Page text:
Jeannie Rea, NTEU National President

read online at www.unicasual.org.au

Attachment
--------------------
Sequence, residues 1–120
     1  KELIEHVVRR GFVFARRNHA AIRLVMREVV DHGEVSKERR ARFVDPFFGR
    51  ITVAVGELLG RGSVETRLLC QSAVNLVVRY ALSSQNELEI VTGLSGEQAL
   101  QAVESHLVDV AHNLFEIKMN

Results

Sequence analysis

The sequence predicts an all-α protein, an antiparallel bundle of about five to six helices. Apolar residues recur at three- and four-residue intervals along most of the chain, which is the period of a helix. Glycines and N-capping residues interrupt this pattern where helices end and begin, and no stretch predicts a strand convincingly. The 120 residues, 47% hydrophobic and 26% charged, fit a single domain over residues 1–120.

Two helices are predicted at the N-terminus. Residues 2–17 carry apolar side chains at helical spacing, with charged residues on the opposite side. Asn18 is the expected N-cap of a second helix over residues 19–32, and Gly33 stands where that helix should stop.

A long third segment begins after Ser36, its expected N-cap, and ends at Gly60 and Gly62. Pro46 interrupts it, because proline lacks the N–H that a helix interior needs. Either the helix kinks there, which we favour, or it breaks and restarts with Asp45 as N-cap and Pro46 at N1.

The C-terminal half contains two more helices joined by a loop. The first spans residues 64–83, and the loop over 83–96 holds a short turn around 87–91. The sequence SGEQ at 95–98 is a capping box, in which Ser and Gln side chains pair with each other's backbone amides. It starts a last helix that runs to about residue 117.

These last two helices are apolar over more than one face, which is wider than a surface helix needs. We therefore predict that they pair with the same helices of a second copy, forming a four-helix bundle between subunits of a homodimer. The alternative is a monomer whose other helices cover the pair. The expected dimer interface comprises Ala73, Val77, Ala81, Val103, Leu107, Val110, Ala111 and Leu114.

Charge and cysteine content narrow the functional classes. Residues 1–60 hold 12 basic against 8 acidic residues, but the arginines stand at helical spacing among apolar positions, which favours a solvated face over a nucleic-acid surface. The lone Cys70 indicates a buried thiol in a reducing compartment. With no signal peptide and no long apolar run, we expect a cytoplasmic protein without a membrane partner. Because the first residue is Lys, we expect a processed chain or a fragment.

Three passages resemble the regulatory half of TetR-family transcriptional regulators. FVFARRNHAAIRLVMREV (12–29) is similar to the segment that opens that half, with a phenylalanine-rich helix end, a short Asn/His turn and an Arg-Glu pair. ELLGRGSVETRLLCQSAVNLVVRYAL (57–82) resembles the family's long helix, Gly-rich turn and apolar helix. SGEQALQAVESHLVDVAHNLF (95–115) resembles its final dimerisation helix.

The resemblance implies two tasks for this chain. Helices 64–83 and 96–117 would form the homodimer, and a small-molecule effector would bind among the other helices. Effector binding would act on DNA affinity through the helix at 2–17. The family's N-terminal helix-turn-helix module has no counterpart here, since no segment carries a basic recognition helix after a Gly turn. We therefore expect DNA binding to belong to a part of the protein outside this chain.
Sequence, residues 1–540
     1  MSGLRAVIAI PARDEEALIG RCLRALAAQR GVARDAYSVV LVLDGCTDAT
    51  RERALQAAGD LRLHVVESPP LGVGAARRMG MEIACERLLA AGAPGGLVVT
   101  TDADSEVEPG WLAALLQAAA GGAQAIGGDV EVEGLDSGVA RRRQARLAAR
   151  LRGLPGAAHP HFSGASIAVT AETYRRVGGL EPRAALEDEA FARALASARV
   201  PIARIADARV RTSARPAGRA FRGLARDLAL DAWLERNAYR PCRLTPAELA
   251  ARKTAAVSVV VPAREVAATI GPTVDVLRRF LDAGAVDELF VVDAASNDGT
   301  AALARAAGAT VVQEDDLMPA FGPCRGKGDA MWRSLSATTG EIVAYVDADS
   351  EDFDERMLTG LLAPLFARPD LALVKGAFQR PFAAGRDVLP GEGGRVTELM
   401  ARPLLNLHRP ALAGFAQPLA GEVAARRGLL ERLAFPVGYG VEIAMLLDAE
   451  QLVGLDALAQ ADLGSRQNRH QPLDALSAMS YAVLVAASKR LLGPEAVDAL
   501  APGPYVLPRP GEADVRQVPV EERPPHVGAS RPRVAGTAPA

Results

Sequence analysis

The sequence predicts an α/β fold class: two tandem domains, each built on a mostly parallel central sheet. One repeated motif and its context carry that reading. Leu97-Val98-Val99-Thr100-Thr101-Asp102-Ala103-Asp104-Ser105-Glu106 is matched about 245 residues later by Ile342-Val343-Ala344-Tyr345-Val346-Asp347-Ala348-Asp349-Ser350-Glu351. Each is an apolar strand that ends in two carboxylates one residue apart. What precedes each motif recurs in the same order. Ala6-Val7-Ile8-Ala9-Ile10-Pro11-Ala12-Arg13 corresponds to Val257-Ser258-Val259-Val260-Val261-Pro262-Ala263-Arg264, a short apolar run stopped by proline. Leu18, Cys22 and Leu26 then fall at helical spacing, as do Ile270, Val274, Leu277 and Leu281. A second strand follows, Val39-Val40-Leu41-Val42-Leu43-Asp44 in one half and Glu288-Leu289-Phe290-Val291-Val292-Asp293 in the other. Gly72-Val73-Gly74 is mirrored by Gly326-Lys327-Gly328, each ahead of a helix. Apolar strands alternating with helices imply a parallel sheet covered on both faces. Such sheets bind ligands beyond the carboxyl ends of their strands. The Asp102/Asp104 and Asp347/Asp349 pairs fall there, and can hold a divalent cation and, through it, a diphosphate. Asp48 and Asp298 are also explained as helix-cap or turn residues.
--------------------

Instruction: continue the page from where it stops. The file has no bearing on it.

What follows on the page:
Postgrads shocked by Budget cuts Hello Casuals and Postgrads. As we enter Semester Two, the Council of Australian Postgraduate Associations (CAPA) is actively responding to the Federal Budget with a national campaign that targets the Senate as well as universities – and we would love to see you get involved. A number of decisions made in the 2014-15 Federal Budget will have a profound effect on the postgraduate and casual community. The response by CAPA to the Federal Budget focused on a range of issues including the equity ‘grants’ that students will foot the bill for themselves, as well as the 6 per cent interest rate which will slam students who continue on to postgraduate study, pricing them out of HELP repayment for several years as their debt grows. But it is the cut of $173 million to the Research Training Scheme (see p. 5), and the decision to allow universities to charge PhD and Masters by Research students HELP fees for the first time, that has rocked the postgraduate community the most. Following the shock announcement of fees on PhDs and Masters by Research – previously covered for the majority of domestic students by the Research Training Scheme – CAPA’s website temporarily crashed under the weight of traffic from panicked students seeking information that went unreported elsewhere. Our media release on the subject has reached over 30,000 people and was shared more than 150 times on Facebook alone. This is an issue that has struck close to the heart of the postgraduate community and it was clear from the moment the budget was announced that our members were seeking action. One of the most important aspects of this change, which has been largely overlooked by the mainstream media and by students alike, is that fees of up to $3,900 per year can be charged to ALL research students from 1 January 2016, regardless of when the student enrolled. That is, if you are like me, and started a part-time PhD in 2012 – with the understanding that your PhD would be fully supported by the Government – you could still be charged fees from 2016. Claims that the only budget change to affect current higher education students will be the interest rate of up to 6 per cent must be challenged, and the true impact on postgraduate research students brought to a head. CAPA has started a petition calling on the incoming Senate to reject the introduction of fees on research degrees. We have also sent a series of posters and stickers to each of our affiliate campuses highlighting the impact these fees will have on PhD students – in particular those from diverse equity backgrounds – so keep an eye out for these during orientation. On 1 July, we wrote to each member of the new Senate, spelling out the impact of a fee on PhDs and calling on them to vote against this change. We’ve been thrilled by the response so far and are gratified to see the higher education sector playing such a large role in the national policy debate. Next we will be writing to each and every university to ask whether they will exercise their ability to charge fees on PhDs should the new policy succeed in the Senate. Also in Semester Two we will be embarking upon our annual Roadshow, where we reach out to campuses across Australia, undertaking a series of visits and events in each of our five regions. Additionally, we are planning a series of visits to campuses across the Northern Territory and Queensland, where CAPA is currently largely under-represented – if you are a postgrad, or work with postgrads, at one of these campuses we would love to hear from you. Finally, we’re excitedly preparing for our Annual Council Meeting, which will take place this year at the Australian National University (Canberra) in the final week of November. This year we celebrate CAPA’s 35th anniversary and we anticipate that the conference, including our gala dinner, will truly be an event to remember. This is my final Connect editorial as CAPA President – I reach the end of my term limit on 31 December, and so the time has finally come for me to hand over the reins and to embark on new journeys. It’s been a hectic and inspiring two-and-a-bit years, full of opportunities and challenges that I could never have expected. I’m excited for what the future holds for CAPA and am looking forward to watching on throughout another thirty-five years of advocacy on behalf of postgraduates. I know that whatever comes next, the higher education sector and I will never be far apart. Meghan B Hopper is the President of CAPA and a PhD student at Monash University. president@capa.edu.au M @CAPAPresident You can read all about CAPA’s campaign and get involved via our special CAPA Budget Response website: www.capa.edu.au/newfee